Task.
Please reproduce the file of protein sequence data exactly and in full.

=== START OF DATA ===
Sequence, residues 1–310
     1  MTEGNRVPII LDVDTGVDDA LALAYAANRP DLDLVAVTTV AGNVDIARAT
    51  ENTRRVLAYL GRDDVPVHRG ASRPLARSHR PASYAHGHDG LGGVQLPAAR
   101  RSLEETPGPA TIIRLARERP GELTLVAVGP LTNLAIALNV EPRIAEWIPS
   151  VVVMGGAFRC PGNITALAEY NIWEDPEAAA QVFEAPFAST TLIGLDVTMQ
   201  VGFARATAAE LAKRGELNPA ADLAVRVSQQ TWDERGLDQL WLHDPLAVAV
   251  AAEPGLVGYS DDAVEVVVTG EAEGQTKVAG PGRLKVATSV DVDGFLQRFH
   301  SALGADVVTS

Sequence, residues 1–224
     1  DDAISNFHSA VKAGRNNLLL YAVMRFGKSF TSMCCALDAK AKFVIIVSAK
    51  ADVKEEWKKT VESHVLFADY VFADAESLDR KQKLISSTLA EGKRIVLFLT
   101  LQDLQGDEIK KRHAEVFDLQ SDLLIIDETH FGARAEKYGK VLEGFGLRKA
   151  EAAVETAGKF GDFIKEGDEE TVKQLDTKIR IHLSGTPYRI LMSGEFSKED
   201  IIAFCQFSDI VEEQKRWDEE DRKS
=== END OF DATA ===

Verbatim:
Sequence, residues 1–310
     1  MTEGNRVPII LDVDTGVDDA LALAYAANRP DLDLVAVTTV AGNVDIARAT
    51  ENTRRVLAYL GRDDVPVHRG ASRPLARSHR PASYAHGHDG LGGVQLPAAR
   101  RSLEETPGPA TIIRLARERP GELTLVAVGP LTNLAIALNV EPRIAEWIPS
   151  VVVMGGAFRC PGNITALAEY NIWEDPEAAA QVFEAPFAST TLIGLDVTMQ
   201  VGFARATAAE LAKRGELNPA ADLAVRVSQQ TWDERGLDQL WLHDPLAVAV
   251  AAEPGLVGYS DDAVEVVVTG EAEGQTKVAG PGRLKVATSV DVDGFLQRFH
   301  SALGADVVTS

Sequence, residues 1–224
     1  DDAISNFHSA VKAGRNNLLL YAVMRFGKSF TSMCCALDAK AKFVIIVSAK
    51  ADVKEEWKKT VESHVLFADY VFADAESLDR KQKLISSTLA EGKRIVLFLT
   101  LQDLQGDEIK KRHAEVFDLQ SDLLIIDETH FGARAEKYGK VLEGFGLRKA
   151  EAAVETAGKF GDFIKEGDEE TVKQLDTKIR IHLSGTPYRI LMSGEFSKED
   201  IIAFCQFSDI VEEQKRWDEE DRKS